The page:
What is the Availability Heuristic?
The availability heuristic is a cognitive bias that causes people to rely too heavily on easily accessible memories when estimating probabilities and making decisions. This mental shortcut can distort our perception of how frequently certain events occur.
A classic example of the availability heuristic is believing that airplanes are unsafe because of highly publicized plane crashes. This bias contradicts statistical evidence showing that flying is a much safer mode of transportation than driving.
Have you ever made a decision based on information that was readily available in your memory? If so, you may have fallen prey to the availability heuristic.
The availability heuristic is a mental shortcut that our brains use to evaluate probabilities quickly. When we face a decision, we tend to rely on information that comes to mind easily. This includes information we can recall more easily, events that affected us strongly, and recent events.
Unfortunately, this cognitive bias distorts our ability to judge the probability of certain events accurately. Our memories frequently are not realistic models for forecasting future outcomes.
For example, imagine estimating the likelihood of a car accident on your daily commute. Your brain might rely on readily accessible information, such as past experiences or media coverage, rather than statistical data, leading to inaccurate estimates.
Learn more about Cognitive Biases.
Availability Heuristic Examples
Some examples of the availability heuristic include:
- Assuming that all sharks are dangerous and that shark attacks are common because of media coverage of shark attacks. In reality, the vast majority of shark species are not harmful to humans. Indeed, there were only 57 confirmed shark attacks worldwide in 2022.
- Overestimating the risk of being a victim of a terrorist attack. Statistically, the likelihood of being killed in a terrorist attack is extremely low.
- Assuming that all large dogs are aggressive and dangerous because of news stories or personal experiences with them.
How the Availability Heuristic Works
Psychologists Amos Tversky and Daniel Kahneman coined the term “availability heuristic” in 1973. They suggested that it operates subconsciously and uses the principle, “If you can think of it, it must be important.” This notion leads people to believe that things that come to mind more quickly are more common.
The availability heuristic is based on ease of retrieval. The more easily accessible information is, the more likely people are to rely on it to evaluate probabilities and make decisions. Media coverage, recency, and the unavailability of information can foster the availability heuristic.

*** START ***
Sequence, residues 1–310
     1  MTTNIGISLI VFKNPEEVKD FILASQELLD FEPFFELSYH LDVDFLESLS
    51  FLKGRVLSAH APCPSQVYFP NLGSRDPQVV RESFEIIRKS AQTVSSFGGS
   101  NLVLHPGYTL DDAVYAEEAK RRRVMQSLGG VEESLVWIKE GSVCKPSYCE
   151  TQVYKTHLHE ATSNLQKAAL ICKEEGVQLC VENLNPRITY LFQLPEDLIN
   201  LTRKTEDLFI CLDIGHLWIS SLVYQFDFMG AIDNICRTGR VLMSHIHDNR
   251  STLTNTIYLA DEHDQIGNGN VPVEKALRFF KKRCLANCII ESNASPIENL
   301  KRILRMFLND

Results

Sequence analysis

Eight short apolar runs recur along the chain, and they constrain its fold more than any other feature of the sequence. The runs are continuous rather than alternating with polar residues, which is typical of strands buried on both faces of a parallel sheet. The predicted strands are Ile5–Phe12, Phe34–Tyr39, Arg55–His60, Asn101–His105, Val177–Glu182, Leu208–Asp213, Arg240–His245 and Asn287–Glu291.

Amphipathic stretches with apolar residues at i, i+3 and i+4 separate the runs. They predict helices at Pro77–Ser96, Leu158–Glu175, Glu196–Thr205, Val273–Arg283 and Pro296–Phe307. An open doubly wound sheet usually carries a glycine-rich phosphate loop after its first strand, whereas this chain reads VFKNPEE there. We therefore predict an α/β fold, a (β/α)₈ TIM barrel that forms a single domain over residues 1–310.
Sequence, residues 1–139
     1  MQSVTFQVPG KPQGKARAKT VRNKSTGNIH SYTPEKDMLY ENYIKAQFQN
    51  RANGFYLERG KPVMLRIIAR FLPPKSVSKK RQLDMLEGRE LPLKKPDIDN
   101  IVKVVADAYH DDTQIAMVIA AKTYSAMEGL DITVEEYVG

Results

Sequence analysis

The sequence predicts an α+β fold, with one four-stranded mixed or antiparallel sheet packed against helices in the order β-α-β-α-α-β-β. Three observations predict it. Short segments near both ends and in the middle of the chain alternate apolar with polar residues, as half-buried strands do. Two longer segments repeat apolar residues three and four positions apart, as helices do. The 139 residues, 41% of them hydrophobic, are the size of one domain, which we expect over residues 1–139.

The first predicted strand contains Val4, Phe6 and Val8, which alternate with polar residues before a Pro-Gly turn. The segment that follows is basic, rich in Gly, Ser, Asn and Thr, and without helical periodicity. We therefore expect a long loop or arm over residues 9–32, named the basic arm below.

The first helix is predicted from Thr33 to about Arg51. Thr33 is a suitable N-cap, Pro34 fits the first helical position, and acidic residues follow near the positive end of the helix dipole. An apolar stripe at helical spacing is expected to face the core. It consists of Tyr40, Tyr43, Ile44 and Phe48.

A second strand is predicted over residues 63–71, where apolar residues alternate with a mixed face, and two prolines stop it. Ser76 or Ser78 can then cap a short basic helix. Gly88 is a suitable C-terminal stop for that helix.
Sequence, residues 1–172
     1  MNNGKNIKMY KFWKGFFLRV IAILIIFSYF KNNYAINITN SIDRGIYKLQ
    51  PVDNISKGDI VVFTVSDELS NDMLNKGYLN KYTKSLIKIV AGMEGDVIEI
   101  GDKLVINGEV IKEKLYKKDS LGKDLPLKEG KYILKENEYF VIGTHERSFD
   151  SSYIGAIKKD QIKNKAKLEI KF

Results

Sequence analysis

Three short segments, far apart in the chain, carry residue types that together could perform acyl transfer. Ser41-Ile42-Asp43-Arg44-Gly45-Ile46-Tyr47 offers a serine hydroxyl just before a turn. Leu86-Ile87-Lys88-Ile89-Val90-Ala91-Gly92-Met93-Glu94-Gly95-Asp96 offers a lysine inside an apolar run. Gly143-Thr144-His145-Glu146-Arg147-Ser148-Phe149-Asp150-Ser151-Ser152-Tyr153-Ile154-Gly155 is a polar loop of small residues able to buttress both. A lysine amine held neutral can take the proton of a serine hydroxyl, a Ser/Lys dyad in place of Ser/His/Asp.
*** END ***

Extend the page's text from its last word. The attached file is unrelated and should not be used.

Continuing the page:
One of the main reasons the availability heuristic occurs is due to media coverage. When news outlets or social media expose us to particular events, they become more salient in our minds. For example, if we hear about a plane crash, we may become more fearful of flying, even though flying is one of the safest modes of transportation.
Sensationalized news stories such as reports of shark attacks, plane crashes, and child abductions instigate fear. Incidents of this magnitude are splashed all over the media and can create hysteria. This media coverage leads us to believe these catastrophes are more common than they are.
Recency is another factor that can influence the availability heuristic. When something has happened recently, it is more likely to be at the forefront of our minds. For example, if you have just seen a car accident on your way to work, you might be more likely to take a different route, even though the accident is uncommon.
The unavailability of information can also contribute to the availability heuristic. When we cannot access certain information, we must rely on what we know, even if it is incomplete or inaccurate. For example, imagine trying to estimate the percentage of people in your country who are immigrants. You might rely on your personal experiences and interactions, even though they probably don’t represent the overall population.
Awareness of this bias can help us make more informed decisions and avoid judgments based on incomplete or inaccurate information. And keep in mind that it’s not just what you know but the subset that comes to mind quickly.
Amos Tversky, Daniel Kahneman, Availability: A heuristic for judging frequency and probability, Cognitive Psychology, Volume 5, Issue 2, 1973, Pages 207-232, https://doi.org/10.1016/0010-0285(73)90033-9.
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